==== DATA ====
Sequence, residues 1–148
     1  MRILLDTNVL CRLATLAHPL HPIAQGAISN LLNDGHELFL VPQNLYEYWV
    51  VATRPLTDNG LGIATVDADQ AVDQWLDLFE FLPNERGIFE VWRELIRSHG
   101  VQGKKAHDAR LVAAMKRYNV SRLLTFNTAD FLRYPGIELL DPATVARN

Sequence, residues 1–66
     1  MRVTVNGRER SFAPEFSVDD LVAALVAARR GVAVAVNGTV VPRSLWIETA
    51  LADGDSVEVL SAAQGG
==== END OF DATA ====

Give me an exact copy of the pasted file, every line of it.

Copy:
Sequence, residues 1–148
     1  MRILLDTNVL CRLATLAHPL HPIAQGAISN LLNDGHELFL VPQNLYEYWV
    51  VATRPLTDNG LGIATVDADQ AVDQWLDLFE FLPNERGIFE VWRELIRSHG
   101  VQGKKAHDAR LVAAMKRYNV SRLLTFNTAD FLRYPGIELL DPATVARN

Sequence, residues 1–66
     1  MRVTVNGRER SFAPEFSVDD LVAALVAARR GVAVAVNGTV VPRSLWIETA
    51  LADGDSVEVL SAAQGG